The most important minerals

What every bodybuilder should know.

Many bodybuilders give little importance to items that do not provide calories to their diets. This is a serious mistake, because your diet contains many vital components that really provide more than energy, such as supporting muscle tissue, enhancing growth, etc. In fact, these nutrients, called micronutrients, may be more important to bodybuilders than the nutrients produced by calories.

Potassium.

This mineral is an important electrolyte found within muscle cells and works closely with sodium to regulate water levels in the body. Also, Potassium plays an important role in facilitating electrical potentials through the muscle and nerve cells that cause muscle contraction. Potassium is even involved in the storage of glycogen (energy for high intensity). Poor potassium / sodium balance can lead to improper fluid levels, dehydration, muscle cramps and weakness. Luckily, dietary potassium is usually not a problem for most people, but bodybuilders should become familiar with their role and know the food where it can be found.

Copper.

Copper ore can make a bodybuilder feel more vital. It is included in this list not because of its participation in oxygen transport and utilization, but because Copper has been used to increase blood flow during intense exercise. This fact leads us to the conclusion that copper plays a direct role in the high intensity of muscle work in bodybuilding and that there may be conditions under which some bodybuilders ingest suboptimal amounts. Although most people probably get enough copper, it would be a good idea to monitor their consumption of this mineral. You will probably hear more about this mineral in the future.

Vanadium.

This is not an electrolyte mineral, but it has received a lot of recent attention in the bodybuilding community due to the perceived effects of one of its salt forms, vanadyl sulfate. Vanadium is for the sea creature what iron is for the people; It makes the blood of a green jellyfish like iron makes our blood red. Although the vast majority of investigations into Vanadium supplementation have been performed in diabetic rats, published results tend to show a promising glycogen that stores the effect on muscle tissue. This may explain the subjective analysis of some bodybuilders who swear the ‘harder’ feeling after taking vanadyl sulfate. The problem is that we do not really know much yet about the effects of vanadyl sulfate on athletic performance. We also do not know much about the long-term effects of vanadium salt supplementation, but there is a theoretical mechanism of action and at least a little promise.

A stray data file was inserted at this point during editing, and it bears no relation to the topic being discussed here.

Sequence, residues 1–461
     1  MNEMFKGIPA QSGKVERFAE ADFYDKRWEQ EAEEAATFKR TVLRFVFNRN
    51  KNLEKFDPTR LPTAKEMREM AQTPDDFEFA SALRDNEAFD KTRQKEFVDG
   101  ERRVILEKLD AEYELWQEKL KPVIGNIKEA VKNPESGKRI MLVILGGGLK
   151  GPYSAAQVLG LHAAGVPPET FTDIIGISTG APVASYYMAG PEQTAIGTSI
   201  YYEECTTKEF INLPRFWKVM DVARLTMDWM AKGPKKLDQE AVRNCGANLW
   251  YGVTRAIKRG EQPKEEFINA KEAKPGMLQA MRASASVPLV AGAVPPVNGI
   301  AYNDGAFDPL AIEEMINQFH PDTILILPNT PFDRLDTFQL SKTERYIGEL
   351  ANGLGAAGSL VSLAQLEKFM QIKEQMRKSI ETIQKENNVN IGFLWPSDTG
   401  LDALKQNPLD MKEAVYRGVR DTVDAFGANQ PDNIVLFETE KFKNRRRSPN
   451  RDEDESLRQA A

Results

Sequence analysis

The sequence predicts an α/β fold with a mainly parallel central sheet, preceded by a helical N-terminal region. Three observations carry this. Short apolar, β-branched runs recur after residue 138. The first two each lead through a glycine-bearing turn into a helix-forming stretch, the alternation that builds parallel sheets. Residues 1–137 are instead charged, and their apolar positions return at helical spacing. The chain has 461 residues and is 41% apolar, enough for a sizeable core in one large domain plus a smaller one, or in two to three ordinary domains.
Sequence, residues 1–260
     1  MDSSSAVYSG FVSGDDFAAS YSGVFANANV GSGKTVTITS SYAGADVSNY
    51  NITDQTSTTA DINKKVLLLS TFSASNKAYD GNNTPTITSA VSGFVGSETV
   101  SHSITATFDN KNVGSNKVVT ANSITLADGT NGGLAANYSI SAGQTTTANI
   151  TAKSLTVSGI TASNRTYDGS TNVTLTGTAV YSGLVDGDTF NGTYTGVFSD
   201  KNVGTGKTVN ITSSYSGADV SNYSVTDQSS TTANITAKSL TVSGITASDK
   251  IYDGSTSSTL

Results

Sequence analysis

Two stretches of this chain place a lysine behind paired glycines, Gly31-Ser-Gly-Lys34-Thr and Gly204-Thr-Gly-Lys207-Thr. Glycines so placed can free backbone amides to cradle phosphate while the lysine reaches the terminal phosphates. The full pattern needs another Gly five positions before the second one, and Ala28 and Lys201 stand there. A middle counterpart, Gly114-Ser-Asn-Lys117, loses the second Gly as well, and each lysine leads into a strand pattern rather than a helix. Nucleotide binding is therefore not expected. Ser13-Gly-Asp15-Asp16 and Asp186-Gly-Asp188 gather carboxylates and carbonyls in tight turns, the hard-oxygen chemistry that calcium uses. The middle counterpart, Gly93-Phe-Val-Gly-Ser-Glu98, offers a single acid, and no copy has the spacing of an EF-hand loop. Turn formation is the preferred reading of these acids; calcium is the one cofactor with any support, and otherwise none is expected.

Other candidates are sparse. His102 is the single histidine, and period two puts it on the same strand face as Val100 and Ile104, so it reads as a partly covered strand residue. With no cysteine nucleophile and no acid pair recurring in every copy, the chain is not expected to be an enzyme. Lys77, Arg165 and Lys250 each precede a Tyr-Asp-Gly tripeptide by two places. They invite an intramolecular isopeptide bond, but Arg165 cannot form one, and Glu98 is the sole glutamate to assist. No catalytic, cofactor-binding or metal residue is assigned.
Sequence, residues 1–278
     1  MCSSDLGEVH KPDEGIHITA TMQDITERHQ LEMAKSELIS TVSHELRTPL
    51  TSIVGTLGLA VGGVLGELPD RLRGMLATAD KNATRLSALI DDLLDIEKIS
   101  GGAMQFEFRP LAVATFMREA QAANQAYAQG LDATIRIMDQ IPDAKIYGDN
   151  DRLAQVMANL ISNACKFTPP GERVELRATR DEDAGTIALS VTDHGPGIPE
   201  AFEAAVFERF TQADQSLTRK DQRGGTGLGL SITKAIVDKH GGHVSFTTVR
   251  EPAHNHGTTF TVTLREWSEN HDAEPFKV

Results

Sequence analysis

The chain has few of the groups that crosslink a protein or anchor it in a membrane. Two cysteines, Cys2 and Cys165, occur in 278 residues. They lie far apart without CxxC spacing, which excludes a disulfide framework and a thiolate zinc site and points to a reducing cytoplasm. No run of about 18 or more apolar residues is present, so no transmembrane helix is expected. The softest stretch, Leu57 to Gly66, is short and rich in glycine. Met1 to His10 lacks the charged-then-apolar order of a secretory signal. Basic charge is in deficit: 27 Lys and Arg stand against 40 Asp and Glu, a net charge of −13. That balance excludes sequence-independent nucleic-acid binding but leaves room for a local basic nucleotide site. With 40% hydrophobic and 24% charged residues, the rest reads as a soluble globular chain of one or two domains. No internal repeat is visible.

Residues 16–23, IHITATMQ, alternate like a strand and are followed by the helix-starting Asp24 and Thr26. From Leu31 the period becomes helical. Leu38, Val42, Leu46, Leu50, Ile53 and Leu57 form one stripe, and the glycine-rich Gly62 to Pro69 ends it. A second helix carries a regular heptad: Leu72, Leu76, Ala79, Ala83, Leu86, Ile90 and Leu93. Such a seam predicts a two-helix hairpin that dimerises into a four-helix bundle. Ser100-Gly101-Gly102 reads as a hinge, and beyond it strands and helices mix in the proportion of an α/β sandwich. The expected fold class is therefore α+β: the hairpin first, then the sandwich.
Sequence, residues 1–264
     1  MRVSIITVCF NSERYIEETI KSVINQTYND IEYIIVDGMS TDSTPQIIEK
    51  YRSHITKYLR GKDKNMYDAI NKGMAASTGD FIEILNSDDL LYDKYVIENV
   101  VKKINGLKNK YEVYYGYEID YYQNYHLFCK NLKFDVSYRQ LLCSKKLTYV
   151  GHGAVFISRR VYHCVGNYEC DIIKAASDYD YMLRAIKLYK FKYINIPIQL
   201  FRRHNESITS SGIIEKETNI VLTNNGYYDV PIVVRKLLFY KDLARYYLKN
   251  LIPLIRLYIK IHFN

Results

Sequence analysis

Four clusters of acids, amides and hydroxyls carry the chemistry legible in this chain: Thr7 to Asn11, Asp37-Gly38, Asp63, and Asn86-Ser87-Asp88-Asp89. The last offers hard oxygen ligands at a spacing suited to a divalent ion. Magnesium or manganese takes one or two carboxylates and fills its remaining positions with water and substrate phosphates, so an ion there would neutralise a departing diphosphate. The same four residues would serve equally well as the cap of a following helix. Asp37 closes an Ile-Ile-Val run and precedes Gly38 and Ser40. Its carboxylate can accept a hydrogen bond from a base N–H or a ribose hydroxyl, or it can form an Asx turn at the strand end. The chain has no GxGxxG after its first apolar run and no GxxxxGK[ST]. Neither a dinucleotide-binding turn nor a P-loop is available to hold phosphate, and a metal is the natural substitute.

Iron.

You may be aware that mineral iron is a component of hemoglobin and is responsible for the transport of oxygen and indirectly produces subsequent oxidative energy. What does this have to do with bodybuilding? Well, his ability to recover between sets is related to the effectiveness of his aerobic system. The more oxygen that you can supply to your working muscles, the faster your muscles can recover to perform another heavy series.
In addition, Iron is particularly necessary for female bodybuilders. Women lose a little iron in their menstrual flow every month. Also, female weight trainers, who typically do not consume a lot of beef, (which is high in iron) can not easily replace iron stocks. Therefore, female bodybuilders are at risk of anemia if they are not careful about iron consumption.

Match.

A mineral that is present in the body in large quantities, phosphorus is directly linked to exercise the metabolism as it produces high energy molecules such as adenosine triphosphate (ATP) and Creatine Phosphate. Phosphorus works together with Calcium, so it is important to keep the consumption of calcium and phosphorus close to a 1: 1 ration; An imbalance would create a potential nutrition problem. Of additional interest, phosphorus supplementation has been shown to decrease lactic acid levels in the blood during exercise.

Sodium.